I am worrying about being observed in labor. I’m worrying about being tampered with. Surely these worries come from what I know about hospital birth – the home births I have seen as a doula have been totally different. But still.
I’m worried that she will want to listen to the fetal heart rate too frequently. I’m worried that she will ask me questions. I’m worried that she will watch me. I’m worried she will tell me something that directly contradicts my body’s intuition. I’m worried that it will come to the moment of birth, and I will realize suddenly with that uncontrollable heaving that I desperately need to be alone in this primal moment, and I either won’t have words to ask her to leave, or worse, that I will ask but she won’t leave.
I recently supported a beautiful, instinctive, unmedicated hospital labor which became, at the moment of crowning, a heavily observed, seriously disturbed birth that resulted in major perineal lacerations. The slightly larger than average size of the baby was blamed but I don’t believe it for a minute. The common rhetoric around perineal tears is one of physics: maternal position, being able to feel pushing vs. epidural, fetal head circumference, supportive maneuvers, etc. But if labor and the process of opening the body and the cervix is a question of physics AND spirit, body AND emotion, how can the moment of birth, with its potential associated traumas (physical and spiritual), be merely a question of physics, geometry and material tensile strength and flexibility?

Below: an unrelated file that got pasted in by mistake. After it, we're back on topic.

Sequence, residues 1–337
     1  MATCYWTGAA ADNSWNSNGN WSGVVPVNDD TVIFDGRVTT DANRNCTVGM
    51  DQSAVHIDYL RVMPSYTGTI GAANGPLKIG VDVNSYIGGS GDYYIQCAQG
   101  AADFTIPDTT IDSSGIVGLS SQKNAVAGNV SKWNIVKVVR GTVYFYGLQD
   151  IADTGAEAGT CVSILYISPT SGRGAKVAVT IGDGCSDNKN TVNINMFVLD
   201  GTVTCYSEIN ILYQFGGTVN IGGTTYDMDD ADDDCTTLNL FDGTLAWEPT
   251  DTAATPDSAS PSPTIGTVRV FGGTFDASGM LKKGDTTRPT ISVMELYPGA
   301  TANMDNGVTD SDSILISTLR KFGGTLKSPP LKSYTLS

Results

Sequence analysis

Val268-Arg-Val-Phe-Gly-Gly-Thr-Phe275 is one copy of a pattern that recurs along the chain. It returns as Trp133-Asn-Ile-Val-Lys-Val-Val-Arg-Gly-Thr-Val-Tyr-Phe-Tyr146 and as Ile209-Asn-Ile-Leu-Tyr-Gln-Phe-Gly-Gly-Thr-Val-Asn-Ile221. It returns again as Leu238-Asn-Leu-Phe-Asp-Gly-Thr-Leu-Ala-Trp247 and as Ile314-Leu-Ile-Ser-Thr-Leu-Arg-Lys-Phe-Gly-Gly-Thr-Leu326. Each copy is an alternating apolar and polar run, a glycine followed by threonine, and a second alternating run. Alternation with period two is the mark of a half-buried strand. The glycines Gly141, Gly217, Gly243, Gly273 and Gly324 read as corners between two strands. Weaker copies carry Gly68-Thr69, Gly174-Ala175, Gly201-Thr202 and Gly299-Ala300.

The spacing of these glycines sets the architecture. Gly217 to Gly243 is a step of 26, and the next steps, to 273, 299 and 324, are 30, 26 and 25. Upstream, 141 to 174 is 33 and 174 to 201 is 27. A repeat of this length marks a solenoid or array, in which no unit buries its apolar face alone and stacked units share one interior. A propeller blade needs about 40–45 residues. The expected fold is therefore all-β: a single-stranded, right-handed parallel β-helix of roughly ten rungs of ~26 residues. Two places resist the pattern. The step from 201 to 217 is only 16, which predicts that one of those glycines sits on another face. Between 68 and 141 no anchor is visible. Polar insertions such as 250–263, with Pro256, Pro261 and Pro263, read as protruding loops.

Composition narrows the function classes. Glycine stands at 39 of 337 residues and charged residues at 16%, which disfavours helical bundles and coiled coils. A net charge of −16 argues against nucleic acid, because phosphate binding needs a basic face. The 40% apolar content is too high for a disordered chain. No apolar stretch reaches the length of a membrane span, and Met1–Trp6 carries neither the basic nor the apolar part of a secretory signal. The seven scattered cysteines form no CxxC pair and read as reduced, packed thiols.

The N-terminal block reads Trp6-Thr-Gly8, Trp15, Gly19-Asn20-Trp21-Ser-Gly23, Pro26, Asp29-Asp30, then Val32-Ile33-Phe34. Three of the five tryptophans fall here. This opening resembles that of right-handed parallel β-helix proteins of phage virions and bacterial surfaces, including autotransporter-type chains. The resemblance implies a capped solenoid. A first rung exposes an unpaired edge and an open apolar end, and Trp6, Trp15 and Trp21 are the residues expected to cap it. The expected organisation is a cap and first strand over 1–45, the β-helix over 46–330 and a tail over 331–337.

The midwife can only support and protect from disturbance the process of labor and transition, while the woman is the one who has to do the actual work, and the midwife can only support and protect from disturbance the work that the woman’s mind, body, perineum, fetus, fears and reflexes, etc must do to prevent major tearing. Just as the midwife should be able to acknowledge when her observing presence or touch is hindering the labor process, she should be able to acknowledge when her observation or touch may lead to tension and tearing. It must be a very tricky thing to be able to discern these things, and likewise to discern those rare cases when an intervention would be truly helpful. I feel that it might just be safer for me not to be observed during that critical moment.